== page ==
Teasing out the technology drivers

If I started a conversation with you by stating ...

online revenue, cloud computing, social media, ubiquitous connectivity, data handling, on-demand services & the real-time web

... besides looking at me askance, you'd probably assume I was talking about technology.

You'd be correct, but in fact these are just some of the most significant drivers we've singled out for further analysis from the 58 initial technology and internet trends we've spent the last month looking at here at 3S4.


I know.

That's what our first reaction was too, but let's not get distracted by the numbers. At least not this particular number.

I know that's easy to say, but one of the reasons I was so pleased to be invited to work with the Foresight Team for this project was their dual insight - and re-assurance. Firstly, that not only will technology increasingly matter in this sector over the next five years but that, secondly, spending time now on capturing & updating our guidance on the key drivers in this dynamic, partially chaotic, sometimes confusing and always challenging area (remember 58?) would be of real benefit in helping both organisations & their users begin to see some of the strategic issues & opportunities they may face in the near future.

And that's really what this is about.

The technology is important.

No getting away from it. It matters and will continue to do so however complex or perplexing or alienating it can sometimes seem. It is - and needs to remain - a core part of any organisations infrastructure. However, what's of equal value is recognising how your staff, your beneficiaries, the volunteers, fundraisers, advocates - and yes, perhaps even any dissenters - actually use the technological tools you do (or don't) provide them with.

Does that matter?

I'd suggest it does. One of the key 'high-level' themes to emerge from our work investigating and reviewing such a range of technology trends was how both the technologies themselves - and our attitudes towards using them - increasingly revolve around engagement, that is, adopting and interacting with the technology with the explicit desire to inform, disseminate, facilitate, converse, learn, share and empower. Data is still at the core of these processes, but it's no longer static - it's a dynamic set of artifacts, products & services that people want to produce, consume & interact with.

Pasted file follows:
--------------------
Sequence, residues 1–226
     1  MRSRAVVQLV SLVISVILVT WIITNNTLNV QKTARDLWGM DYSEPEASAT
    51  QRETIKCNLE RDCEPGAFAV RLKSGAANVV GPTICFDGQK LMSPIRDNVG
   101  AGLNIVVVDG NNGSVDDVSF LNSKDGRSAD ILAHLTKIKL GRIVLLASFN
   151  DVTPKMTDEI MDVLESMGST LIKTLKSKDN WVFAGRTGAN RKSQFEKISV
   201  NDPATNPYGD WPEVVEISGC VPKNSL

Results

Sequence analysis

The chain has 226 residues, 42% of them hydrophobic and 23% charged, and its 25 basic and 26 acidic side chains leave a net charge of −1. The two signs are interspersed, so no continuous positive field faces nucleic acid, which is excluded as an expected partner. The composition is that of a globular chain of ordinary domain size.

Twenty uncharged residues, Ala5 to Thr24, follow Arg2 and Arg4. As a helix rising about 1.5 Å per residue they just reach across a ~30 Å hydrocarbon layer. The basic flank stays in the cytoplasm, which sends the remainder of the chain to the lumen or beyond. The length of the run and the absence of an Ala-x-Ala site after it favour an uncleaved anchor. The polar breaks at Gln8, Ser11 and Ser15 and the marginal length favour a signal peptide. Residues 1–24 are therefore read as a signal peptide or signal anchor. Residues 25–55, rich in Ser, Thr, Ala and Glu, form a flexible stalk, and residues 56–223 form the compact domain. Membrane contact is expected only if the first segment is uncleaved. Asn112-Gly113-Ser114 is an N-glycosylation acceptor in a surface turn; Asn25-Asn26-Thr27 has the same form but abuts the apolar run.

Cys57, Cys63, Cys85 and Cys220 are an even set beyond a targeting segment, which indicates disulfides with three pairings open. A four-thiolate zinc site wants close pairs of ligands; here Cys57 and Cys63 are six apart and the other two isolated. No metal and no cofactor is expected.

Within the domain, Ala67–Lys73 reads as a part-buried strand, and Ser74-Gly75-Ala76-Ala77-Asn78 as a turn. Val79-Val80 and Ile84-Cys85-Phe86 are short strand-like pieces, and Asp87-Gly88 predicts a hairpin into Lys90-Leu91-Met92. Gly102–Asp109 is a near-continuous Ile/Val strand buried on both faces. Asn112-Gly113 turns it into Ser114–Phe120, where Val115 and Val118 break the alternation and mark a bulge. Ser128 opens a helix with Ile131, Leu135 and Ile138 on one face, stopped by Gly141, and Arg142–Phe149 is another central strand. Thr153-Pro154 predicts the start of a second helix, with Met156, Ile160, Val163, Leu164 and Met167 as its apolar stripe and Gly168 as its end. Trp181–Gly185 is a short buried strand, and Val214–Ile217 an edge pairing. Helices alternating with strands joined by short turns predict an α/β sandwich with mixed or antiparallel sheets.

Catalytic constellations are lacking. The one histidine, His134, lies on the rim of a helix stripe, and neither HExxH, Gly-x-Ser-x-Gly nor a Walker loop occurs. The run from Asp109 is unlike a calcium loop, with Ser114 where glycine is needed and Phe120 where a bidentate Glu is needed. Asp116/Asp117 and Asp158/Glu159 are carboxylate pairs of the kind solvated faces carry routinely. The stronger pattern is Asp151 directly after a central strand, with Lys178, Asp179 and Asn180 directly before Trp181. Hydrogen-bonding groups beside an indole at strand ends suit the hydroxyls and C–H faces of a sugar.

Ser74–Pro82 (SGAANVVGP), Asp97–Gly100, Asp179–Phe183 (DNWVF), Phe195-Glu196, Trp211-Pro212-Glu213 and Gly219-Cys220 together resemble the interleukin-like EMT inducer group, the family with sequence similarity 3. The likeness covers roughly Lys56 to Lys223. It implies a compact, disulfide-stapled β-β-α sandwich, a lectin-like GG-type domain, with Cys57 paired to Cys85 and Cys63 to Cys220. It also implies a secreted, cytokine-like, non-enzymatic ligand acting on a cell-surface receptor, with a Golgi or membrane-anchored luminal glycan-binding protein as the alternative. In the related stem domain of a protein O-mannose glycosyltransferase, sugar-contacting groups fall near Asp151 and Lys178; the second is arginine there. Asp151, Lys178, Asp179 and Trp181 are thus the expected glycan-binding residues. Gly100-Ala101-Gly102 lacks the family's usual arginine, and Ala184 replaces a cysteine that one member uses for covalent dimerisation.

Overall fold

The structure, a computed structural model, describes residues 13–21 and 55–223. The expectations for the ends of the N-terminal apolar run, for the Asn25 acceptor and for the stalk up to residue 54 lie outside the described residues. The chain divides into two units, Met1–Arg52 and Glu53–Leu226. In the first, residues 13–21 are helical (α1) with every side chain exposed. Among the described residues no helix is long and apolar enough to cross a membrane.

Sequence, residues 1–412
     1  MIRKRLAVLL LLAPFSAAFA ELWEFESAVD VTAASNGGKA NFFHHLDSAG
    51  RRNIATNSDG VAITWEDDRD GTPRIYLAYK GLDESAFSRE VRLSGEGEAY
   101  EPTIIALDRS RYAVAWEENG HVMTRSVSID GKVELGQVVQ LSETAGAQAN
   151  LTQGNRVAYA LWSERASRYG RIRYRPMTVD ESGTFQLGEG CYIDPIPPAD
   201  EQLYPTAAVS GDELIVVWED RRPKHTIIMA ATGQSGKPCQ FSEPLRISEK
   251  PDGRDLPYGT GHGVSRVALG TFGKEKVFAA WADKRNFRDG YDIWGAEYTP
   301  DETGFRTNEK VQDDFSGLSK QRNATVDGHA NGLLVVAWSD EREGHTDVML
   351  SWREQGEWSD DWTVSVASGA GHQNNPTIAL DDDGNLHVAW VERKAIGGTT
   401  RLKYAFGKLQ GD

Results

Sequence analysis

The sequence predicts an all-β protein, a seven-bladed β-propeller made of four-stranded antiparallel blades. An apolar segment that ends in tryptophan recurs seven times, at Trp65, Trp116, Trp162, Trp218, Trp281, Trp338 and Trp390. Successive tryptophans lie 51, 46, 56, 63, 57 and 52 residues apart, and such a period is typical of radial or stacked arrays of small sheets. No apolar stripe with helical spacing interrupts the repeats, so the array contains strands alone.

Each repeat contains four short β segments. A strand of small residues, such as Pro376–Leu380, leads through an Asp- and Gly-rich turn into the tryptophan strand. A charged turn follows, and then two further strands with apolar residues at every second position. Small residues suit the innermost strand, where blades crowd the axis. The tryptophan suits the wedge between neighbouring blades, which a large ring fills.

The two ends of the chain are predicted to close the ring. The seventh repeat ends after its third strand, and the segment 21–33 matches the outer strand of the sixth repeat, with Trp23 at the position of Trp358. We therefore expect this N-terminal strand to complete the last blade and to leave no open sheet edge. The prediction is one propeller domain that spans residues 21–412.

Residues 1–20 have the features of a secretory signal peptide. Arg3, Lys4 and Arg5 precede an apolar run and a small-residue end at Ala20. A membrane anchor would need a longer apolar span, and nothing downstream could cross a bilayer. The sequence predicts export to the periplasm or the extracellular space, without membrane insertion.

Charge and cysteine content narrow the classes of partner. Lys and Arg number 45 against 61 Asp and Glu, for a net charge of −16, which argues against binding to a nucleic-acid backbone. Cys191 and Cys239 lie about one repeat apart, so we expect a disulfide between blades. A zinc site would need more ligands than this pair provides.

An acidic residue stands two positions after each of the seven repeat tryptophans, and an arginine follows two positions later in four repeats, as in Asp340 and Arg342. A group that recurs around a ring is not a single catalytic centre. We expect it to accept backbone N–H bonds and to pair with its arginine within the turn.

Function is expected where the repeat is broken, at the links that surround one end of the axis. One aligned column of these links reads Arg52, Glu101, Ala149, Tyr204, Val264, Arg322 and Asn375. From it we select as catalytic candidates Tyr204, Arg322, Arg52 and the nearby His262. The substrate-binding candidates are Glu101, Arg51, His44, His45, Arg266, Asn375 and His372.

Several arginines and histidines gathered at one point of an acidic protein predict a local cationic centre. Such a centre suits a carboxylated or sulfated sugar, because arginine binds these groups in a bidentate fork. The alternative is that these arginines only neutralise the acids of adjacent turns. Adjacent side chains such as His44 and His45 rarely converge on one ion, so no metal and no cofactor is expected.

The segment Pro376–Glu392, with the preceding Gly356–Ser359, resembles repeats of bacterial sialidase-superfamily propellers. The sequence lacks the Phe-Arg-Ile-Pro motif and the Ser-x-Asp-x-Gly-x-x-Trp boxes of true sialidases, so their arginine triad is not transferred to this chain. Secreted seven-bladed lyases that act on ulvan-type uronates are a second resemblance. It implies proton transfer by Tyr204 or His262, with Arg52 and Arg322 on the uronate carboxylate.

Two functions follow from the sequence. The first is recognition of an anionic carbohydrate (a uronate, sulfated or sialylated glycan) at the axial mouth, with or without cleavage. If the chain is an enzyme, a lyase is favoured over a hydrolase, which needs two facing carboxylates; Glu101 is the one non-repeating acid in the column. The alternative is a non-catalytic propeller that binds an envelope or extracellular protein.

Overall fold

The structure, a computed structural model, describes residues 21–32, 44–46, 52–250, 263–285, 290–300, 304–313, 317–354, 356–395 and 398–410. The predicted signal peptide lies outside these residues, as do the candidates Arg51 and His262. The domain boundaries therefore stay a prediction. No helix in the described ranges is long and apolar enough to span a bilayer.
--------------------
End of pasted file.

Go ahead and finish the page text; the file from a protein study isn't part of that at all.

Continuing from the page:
Bearing that in mind, what numbers matter? Well, not the 58. It's really the network numbers we should be mindful of. The multiple individuals and groups who currently constitute your organisation's network and whom you support directly through the technology strategy you put in place.

Thinking it through with us

As we release our revised technology drivers over the coming weeks I hope you'll find them both stimulating and informative and - if you'd like to join us for a more immersive discussion - please enquire about our Changing ICT: What will it mean for your organisation? seminar in December in which we'll investigate some of our key drivers in more detail through discussions, presentations and 'hands-on' exercises with a range of industry experts and commentators.

Guy's been working with the Foresight Team since July on reviewing and updating Third Sector Foresight's technology drivers. Guy has over a decade's web & online experience and also consults on futures and strategic foresight issues.

You can follow Guy via his blog or on Twitter

Last updated at 18:09 Mon 12/Apr/10.
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Kathryn's picture


Third Sector Foresight

If you want to grill Guy in person on these and other trends in the technology arena, then book a place on our seminar on 8 December. An afternoon of interaction and thinking, Changing ICT:what will it mean for your organisation?, will be a valuable chance to get to grips with this ever-changing topic.

Read more about the seminar here: (free for Foresight network members!)

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